|Intersecting Storage Rings||CERN, 1971–1984|
|Proton-Antiproton Collider (SPS)||CERN, 1981–1991|
|ISABELLE||BNL, cancelled in 1983|
|Superconducting Super Collider||Cancelled in 1993|
|Relativistic Heavy Ion Collider||BNL, 2000–present|
|Large Hadron Collider||CERN, 2009–present|
|Future Circular Collider||Proposed|
The ISR (standing for "Intersecting Storage Rings") was a particle accelerator at CERN. It was the world's first hadron collider, and ran from 1971 to 1984, with a maximum center of mass energy of 62 GeV. From its initial startup, the collider itself had the capability to produce particles like the J/ψ and the upsilon, as well as observable jet structure; however, the particle detector experiments were not configured to observe events with large momentum transverse to the beamline, leaving these discoveries to be made at other experiments in the mid-1970s. Nevertheless, the construction of the ISR involved many advances in accelerator physics, including the first use of stochastic cooling, and it held the record for luminosity at a hadron collider until surpassed by the Tevatron in 2004.
The ISR was proposed in 1964 for conducting the head-on proton-proton collisions at a beam energy of 28 GeV; to the study of the new particles created in such collisions. The project was approved within a year. In 1971 itself, detectors were set up by 12 experimental teams at five intersecting points of ISR.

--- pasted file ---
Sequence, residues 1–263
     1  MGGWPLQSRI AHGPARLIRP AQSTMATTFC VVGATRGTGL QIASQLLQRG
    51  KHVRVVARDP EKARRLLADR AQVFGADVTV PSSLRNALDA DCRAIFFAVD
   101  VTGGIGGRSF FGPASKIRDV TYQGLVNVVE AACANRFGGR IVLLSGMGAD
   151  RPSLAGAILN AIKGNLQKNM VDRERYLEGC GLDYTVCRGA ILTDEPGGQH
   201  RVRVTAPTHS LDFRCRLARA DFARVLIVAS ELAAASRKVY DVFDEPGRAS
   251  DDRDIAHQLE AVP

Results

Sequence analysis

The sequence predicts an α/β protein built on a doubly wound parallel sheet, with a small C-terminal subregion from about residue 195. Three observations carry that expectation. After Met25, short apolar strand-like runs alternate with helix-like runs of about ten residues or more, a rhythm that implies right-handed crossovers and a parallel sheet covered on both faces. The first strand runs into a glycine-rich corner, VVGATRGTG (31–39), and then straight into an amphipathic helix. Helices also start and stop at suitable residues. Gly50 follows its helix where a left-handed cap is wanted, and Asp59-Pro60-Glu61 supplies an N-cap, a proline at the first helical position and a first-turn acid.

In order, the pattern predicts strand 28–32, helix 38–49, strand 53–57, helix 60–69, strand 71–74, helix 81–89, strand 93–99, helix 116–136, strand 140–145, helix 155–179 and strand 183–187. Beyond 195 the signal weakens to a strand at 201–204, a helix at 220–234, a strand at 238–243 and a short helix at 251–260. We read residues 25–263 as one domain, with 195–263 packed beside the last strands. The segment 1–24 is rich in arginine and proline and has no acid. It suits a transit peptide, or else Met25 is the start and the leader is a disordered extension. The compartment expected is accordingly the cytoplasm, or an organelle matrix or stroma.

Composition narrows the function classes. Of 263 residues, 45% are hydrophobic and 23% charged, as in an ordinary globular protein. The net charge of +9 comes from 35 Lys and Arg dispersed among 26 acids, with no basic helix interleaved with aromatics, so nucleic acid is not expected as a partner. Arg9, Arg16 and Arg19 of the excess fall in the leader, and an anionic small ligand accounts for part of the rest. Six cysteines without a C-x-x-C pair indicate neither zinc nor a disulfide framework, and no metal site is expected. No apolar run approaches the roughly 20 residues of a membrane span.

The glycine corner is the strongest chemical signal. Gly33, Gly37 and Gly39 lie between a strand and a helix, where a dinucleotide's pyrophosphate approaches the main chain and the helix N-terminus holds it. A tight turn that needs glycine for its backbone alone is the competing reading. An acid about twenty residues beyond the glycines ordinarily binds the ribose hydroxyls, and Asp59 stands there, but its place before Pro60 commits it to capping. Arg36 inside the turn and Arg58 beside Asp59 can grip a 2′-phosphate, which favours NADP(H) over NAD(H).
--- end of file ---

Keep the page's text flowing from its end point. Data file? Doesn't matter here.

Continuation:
The initial goal and motivation for ISR was the following.
- Finding the proton-proton cross-section for 23-54 GeV energy in the center of mass frame.
- Study of the elastic proton-proton scattering.
- Obtaining production spectra of particles like pions and kaons.
- Search for new particles.
The accelerator was made up of two magnetic rings (located in France), each of around 300m. The rings interlaced together such that they would meet at eight intersecting regions for colliding proton beams. The 28 GeV proton beams would come from the CERN Proton Synchrotron (CPS) located about 200 meters away (In Switzerland)
- Fabjan, Christian; Hübner, Kurt (2015-11-20), "The Intersecting Storage Rings (ISR): The First Hadron Collider", Technology Meets Research, Advanced Series on Directions in High Energy Physics, WORLD SCIENTIFIC, Volume 27, pp. 87–133, doi:10.1142/9789814749145_0004, ISBN 978-981-4749-13-8, retrieved 2021-06-08
|volume=has extra text (help)
- Hübner, Kurt (2012-03-01). "The CERN intersecting storage rings (ISR)". The European Physical Journal H. 36 (4): 509–522. Bibcode:2012EPJH...36..509H. doi:10.1140/epjh/e2011-20058-8. ISSN 2102-6467. S2CID 120690134.
- Faessler, M. (1984-12-01). "Experimental with alpha particles at the CERN intersecting storage rings". Physics Reports. 115 (1–2): 1–91. Bibcode:1984PhR...115....1F. doi:10.1016/0370-1573(84)90011-5. ISSN 0370-1573.
- Fabjan, Christian W.; McCubbin, Norman (2004-12-01). "Physics at the CERN Intersecting Storage Rings (ISR) 1978–1983". Physics Reports. 403–404: 165–175. Bibcode:2004PhR...403..165F. doi:10.1016/j.physrep.2004.08.018. ISSN 0370-1573.
- ISR startup
- Early history of the ISR
- Picture of the ISR from above - It's the large earthen ring with circular roads inside and outside.